When we left Manisa it was like we were actually on vacation. To be honest, since I’d known that the job interview was going to happen and I didn’t know how it would work out, I had been more than a little anxious. Choosing to move to another country is never a small decision and to do so with my new wife made the pressure even heavier. So I had really wanted us both to see the place we would live, meet the people we would be working with, and have the chance to discuss things. Our discussion went like this:
Me: So what do you think?
Her: It’s beautiful, they’re nice, and why not?
Me: So you think we should?
Her: Yes. What about you?
And there it was. Now we had about two weeks to really dig in and enjoy ourselves. Of course, we were still figuring out how to travel together. Now that I knew I had to move us to Turkey, money was sitting pretty heavy. In particular because the jobs aren’t for that much money, we don’t really have any money, and I still have about $35,000 in student loans I keep deferring in the hopes that Sallie Mae will fold, I’ll suddenly figure out how to get enough money to pay them off, or the United States will decide to forgive outrageous student debt.
After visiting at the schools we caught the bus to Izmir which took about a half hour and cost us just 6 lira each. Izmir is the second largest city in Turkey and famous for beaches, nightlife, and all around good times. We didn’t stop there though.
Instead at the Izmir otogar we caught a minibus to Selcuk for 8 lira each. A friend of mine from Lonely Planet had suggested a great guesthouse there and even though I’m not crazy about crowd filled historical tourist sites, I wanted to visit the ancient city of Ephesus. The ride to Selcuk took us about an hour.
Once we arrived we made a bee line to the Kiwi Pension (also known as Alison’s place) where we met up with Alison. My friend had told me she was terrific and no doubt about it, he was right. She put us in her air conditioned ensuite double for a big discount and spent time talking with us about life in Turkey, the challenges of running a business as a foreigner, and the joys of travel.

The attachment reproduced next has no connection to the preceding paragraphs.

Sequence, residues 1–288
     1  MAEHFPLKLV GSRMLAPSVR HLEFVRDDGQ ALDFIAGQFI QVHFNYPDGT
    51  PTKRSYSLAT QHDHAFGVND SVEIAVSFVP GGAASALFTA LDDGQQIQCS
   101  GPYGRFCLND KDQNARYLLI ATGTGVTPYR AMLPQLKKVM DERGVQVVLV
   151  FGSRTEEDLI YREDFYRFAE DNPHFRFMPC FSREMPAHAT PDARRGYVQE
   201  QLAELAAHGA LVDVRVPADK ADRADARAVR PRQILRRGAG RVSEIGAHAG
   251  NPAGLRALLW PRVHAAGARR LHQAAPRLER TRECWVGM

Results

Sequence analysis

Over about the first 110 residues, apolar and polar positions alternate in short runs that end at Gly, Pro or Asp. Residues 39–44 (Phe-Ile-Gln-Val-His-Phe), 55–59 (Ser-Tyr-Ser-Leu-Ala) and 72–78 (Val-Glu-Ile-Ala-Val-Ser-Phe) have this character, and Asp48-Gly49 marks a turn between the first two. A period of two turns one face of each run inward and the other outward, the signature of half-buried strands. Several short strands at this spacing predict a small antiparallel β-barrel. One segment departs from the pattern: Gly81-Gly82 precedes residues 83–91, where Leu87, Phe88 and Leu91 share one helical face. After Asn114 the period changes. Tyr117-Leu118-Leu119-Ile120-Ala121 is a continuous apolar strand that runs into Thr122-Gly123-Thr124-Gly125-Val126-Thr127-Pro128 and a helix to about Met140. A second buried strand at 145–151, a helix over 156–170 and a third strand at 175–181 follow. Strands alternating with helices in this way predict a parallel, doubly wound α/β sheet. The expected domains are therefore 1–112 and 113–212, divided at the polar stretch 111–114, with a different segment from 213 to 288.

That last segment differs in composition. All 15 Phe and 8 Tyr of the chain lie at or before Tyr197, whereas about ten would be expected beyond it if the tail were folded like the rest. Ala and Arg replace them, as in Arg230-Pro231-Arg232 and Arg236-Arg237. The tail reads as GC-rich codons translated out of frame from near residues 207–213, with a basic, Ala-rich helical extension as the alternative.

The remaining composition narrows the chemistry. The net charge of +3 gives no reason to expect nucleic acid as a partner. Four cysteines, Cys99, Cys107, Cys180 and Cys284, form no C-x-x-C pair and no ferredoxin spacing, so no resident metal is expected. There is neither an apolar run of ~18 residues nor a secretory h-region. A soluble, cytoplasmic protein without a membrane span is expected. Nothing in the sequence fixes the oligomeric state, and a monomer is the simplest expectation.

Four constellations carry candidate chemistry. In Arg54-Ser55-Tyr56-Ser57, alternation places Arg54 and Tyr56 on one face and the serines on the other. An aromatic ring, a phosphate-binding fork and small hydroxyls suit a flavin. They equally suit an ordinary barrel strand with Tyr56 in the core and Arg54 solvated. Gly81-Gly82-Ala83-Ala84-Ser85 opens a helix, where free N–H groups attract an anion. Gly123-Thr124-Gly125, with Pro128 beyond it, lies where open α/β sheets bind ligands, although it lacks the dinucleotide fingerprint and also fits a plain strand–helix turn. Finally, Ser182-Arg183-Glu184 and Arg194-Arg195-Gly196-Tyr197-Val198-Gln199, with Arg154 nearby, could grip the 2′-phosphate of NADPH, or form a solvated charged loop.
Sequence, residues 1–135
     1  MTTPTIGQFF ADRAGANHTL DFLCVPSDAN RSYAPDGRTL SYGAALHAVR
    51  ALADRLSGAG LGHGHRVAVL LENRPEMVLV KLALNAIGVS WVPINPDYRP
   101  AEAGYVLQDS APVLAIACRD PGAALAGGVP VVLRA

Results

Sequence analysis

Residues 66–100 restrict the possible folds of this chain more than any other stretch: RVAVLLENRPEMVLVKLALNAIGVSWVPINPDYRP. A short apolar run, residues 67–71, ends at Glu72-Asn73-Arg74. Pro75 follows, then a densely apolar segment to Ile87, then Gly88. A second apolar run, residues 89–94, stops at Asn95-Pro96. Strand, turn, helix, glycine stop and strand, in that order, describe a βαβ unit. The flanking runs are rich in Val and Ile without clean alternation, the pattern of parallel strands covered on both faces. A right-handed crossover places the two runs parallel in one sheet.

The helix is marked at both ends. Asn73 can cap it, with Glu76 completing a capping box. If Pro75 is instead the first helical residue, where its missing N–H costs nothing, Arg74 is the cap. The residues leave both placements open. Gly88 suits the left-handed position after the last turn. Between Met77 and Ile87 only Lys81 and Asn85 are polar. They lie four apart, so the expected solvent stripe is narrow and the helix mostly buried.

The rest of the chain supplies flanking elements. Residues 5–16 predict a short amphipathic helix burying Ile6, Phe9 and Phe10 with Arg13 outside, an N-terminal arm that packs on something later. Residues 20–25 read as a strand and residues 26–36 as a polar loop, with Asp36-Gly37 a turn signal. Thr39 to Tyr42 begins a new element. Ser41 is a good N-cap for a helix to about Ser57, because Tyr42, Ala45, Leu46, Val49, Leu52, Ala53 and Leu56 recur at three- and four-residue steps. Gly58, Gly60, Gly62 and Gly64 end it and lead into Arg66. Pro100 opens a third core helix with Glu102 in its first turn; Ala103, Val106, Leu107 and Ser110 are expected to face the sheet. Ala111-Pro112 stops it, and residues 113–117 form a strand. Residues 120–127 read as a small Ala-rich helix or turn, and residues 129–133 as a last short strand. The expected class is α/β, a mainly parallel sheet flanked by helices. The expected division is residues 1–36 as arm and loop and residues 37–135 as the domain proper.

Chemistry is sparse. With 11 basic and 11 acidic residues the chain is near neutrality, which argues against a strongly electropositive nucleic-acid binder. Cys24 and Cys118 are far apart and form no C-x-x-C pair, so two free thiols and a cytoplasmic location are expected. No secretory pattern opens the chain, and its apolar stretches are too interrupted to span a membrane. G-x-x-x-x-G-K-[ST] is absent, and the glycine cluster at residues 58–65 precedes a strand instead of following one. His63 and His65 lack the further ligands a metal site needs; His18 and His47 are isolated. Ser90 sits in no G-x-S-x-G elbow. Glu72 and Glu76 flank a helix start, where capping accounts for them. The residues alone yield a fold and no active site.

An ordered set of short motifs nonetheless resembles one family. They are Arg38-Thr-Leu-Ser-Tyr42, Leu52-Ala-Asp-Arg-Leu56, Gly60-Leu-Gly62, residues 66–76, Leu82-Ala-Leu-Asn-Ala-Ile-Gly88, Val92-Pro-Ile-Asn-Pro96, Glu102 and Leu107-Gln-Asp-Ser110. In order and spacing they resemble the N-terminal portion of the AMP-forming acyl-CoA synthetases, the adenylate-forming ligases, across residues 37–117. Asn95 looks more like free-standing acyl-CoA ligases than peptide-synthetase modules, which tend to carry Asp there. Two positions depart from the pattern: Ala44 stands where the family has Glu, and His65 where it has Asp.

Alison is English but she’s been in Turkey for nearly 26 years. When we spoke she was going through the hassle of trying to get her son into a better than average school, it seems that they require a special physical and no one had told her.
If you go to Selcuk and are looking for a great pension with a friendly staff and reasonable prices, I whole heartedly endorse the Kiwi Pension but if you are looking for accommodation that is a little more upscale you should have a look at Alison’s other business Aegean Rentals which offers a variety of outstanding holiday rental properties for rates that will surprise you. Next time we are there, this is going to be the way we go. Can you say private pool?
By the way, Kiwi Pension actually has a private pool for guests. It was being cleaned during the time we were there so we didn’t get the chance to dive in, but when you are roasting in the Aegean Coast, it’s a nice option to have.
We weren’t sure exactly where to go for dinner and Alison recommended Ejder and gave us one of their cards. Hanane looked at the card and said “Wow, the owner of this place looks familiar”. I thought so too…the picture on the card was Bill, Hillary, and Chelsea Clinton having posing in front of the library at Ephesus. It wasn’t the last time we would see U.S. President’s used to promote Turkish business.
Ejder was amazingly good. We had a chicken shish, seasoned rice, a big beautiful salad, orange juice, mineral water, and stuffed eggplant. Totally delicious and filling for 22 lira. We splurged a little bit but the ambiance of dining under a Byzantine aqueduct was enough, at least once we figured out not to sit under where the birds were roosting. We figured that out when one of them shit on the table, luckily before our food arrived. We changed seats. We met and talked with the owner, Mehmet Ejder who is Kurdish and takes great pride in his food being the best in Selcuk. I don’t think there can be any question about that.
Back at the Kiwi Pension we relaxed in our A/C room and planned out our next day. A visit to Ephesus, the Basilica of St. John, and a nice wander through the town. Selcuk itself is worth visiting because of the friendly people and many sites. The Greeks had lived in this area from about 1200 BC. It is the home of what is left of the Temple of Artemis, one of the ancient seven wonders of the world, and was also the home of both St. John, one of the disciples of Jesus and the Virgin Mary who accompanied John from the Holy Land. It was here that St. John wrote the Gospel of the Christians.
Sadly, we weren’t there at the time of the camel wrestling festival or the oil wrestling festival.
I swapped a paperback in Alison’s exchange library and pretty soon we were sleeping like exhausted camels.